byÂ Ernesto Van Dersar
John Wiley & Sons, one of the worldâs largest textbook publishers, is continuing its efforts to crack down on BitTorrent piracy. The company has now named several people who allegedly shared Wiley titles online, and is demanding a jury trial against them. If these actually go ahead it will be the first time that BitTorrent-related evidence is tested in a US court.
Last fall, John Wiley and Sons became the first book publisher to go after BitTorrent users in the US.
By filing a mass-BitTorrent lawsuit the company followed mostly in the footsteps of several movie studios, who together have sued more than 250,000 people in the U.S. since early 2010. And the publisher didnât stop at just one.
In recent months Wiley has filed more than a dozen mass BitTorrent lawsuits involving a few hundred John Doe defendants in total. The Does are all accused of sharing digital copies of titles including WordPress for Dummies, Hacking for Dummies and Day Trading for Dummies.
Wileyâs attorney William Dunnegan said previously that one of the main goals of the legal campaign is to obtain the personal details of the alleged infringers and offer them the opportunity to solve the matter through a settlement.
âOur intention is to stop the infringement and let individuals know that they are violating the law and depriving the creators of the works of rightful compensation. Our preference is to educate, settle, and prevent further infringement,â Wileyâs attorney William Dunnegan said.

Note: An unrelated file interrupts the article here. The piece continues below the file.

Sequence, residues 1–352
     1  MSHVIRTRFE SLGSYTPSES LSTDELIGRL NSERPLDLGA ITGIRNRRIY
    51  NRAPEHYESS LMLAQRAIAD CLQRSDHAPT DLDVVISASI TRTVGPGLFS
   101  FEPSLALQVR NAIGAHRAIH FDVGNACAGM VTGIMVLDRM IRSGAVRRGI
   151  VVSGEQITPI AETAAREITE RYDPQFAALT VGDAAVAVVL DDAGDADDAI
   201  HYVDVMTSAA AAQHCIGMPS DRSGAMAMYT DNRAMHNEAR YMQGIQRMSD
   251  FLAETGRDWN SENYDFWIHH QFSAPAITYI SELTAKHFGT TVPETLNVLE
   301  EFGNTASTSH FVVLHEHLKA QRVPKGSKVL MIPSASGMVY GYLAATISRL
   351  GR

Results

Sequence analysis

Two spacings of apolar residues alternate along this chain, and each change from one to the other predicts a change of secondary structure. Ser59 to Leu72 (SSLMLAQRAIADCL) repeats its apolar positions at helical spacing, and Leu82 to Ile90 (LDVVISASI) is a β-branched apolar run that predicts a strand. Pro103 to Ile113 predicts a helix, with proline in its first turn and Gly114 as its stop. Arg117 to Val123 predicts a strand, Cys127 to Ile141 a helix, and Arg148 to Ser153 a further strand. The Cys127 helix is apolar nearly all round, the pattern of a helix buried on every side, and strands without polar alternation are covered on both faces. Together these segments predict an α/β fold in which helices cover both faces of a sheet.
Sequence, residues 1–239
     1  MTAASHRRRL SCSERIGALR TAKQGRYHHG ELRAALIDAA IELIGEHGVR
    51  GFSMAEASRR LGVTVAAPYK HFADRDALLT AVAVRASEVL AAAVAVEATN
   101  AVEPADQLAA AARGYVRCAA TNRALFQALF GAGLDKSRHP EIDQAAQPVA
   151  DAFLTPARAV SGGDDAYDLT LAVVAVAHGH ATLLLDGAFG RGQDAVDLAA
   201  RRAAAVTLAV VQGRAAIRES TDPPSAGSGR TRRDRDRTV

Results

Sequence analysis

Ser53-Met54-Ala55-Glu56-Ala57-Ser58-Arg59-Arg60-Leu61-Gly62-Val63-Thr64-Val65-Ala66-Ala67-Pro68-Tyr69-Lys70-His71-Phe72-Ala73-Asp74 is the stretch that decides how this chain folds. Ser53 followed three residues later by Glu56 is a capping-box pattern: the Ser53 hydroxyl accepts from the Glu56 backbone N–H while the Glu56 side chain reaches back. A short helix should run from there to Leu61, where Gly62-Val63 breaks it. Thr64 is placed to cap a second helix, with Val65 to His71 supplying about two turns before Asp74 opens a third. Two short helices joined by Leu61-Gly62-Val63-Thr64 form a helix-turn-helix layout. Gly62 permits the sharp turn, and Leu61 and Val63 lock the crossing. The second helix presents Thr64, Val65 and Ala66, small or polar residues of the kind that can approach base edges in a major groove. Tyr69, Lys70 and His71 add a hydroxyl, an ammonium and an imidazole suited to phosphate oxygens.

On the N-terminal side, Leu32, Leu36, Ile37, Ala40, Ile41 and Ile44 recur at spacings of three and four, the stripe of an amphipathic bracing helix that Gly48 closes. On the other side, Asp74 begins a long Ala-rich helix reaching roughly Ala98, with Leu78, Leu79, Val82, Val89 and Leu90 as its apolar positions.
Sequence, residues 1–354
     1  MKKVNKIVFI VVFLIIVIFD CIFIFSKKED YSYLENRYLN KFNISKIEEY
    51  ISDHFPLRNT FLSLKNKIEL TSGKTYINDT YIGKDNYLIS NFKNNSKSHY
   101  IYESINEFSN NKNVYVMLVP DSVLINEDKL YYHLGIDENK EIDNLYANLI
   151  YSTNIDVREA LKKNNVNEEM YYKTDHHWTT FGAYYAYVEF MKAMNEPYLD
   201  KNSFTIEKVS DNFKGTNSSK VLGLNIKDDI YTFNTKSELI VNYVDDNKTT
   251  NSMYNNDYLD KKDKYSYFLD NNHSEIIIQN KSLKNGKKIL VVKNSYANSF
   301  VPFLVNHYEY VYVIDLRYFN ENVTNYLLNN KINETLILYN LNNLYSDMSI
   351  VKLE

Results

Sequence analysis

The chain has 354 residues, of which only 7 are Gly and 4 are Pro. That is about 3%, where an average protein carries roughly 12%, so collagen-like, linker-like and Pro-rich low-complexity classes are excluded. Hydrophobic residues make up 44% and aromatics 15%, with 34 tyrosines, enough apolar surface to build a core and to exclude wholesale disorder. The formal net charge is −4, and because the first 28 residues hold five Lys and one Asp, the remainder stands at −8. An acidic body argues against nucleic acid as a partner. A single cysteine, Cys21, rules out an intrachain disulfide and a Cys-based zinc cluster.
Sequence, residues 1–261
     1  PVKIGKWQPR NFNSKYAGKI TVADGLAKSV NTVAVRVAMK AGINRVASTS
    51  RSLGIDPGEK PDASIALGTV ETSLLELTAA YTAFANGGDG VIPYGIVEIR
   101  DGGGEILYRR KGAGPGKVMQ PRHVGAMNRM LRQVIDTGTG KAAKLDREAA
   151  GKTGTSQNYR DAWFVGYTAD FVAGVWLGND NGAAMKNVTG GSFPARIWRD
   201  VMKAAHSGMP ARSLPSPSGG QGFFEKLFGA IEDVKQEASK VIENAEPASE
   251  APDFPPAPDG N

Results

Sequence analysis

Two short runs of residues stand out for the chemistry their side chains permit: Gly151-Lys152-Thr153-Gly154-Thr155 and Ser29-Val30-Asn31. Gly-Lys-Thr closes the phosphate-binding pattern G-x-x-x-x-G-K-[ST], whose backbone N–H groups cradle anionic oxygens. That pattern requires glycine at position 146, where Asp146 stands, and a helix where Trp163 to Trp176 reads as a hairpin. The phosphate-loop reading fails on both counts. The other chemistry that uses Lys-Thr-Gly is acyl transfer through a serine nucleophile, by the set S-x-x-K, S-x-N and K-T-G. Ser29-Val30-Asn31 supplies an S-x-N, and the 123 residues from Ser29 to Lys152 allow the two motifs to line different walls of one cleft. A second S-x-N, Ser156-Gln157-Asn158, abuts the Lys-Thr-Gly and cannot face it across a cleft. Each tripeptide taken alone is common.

However, this strategy doesnât always work. While the courts and Internet providers have been cooperative in assisting Wiley to obtain the personal details of the alleged book pirates, a new filing suggest that some defendants are not taking the publisherâs settlement offer.
In one of Wileyâs cases four defendants have now been named in an amended complaint.
New York residents Jeff Ng, Ralph Mohr, Robert Carpenter and Xiaoshu Chen are no longer anonymous Does. Wiley is proceeding toÂ call for a full jury trial against the quartet in which they will face accusations of copyright infringement and up to $150,000 in penalties for each offense.
Wileyâs attorney William Dunnegan declined to comment on the recent developments in these specific cases. âWe are proceeding with these cases as a part of Wileyâs overall copyright enforcement and education program,â was the comment we got instead.
If one or more of the three cases indeed proceeds to a full trial it will be the first time that actual evidence against BitTorrent infringers is tested in court. This is relevant because the main piece of evidence the copyright holders have is an IP-address, which by itself doesnât identify a person but merely a connection.
In a past RIAA court caseÂ experts described the evidence gathering techniques âas factually erroneous,â âunprofessionalâ and âborderline incompetent.â In addition, academics have shown that due to shoddy technique even aÂ network printer can be accused of sharing copyrighted files on BitTorrent.
If the evidence is indeed tested in court, it should be a case to watch for sure.
That said, thereâs also the chance that the lawyers are using the threat of a full trial by jury as a pressure tool to convince the defendants to settle. After all, the RIAAâs litigation campaign against individual file-sharers has shown that even when a jury awards hundreds of thousands of dollars in damages, lengthy trialsÂ cost more than they bring in.
First posted to Torrent Freak. Â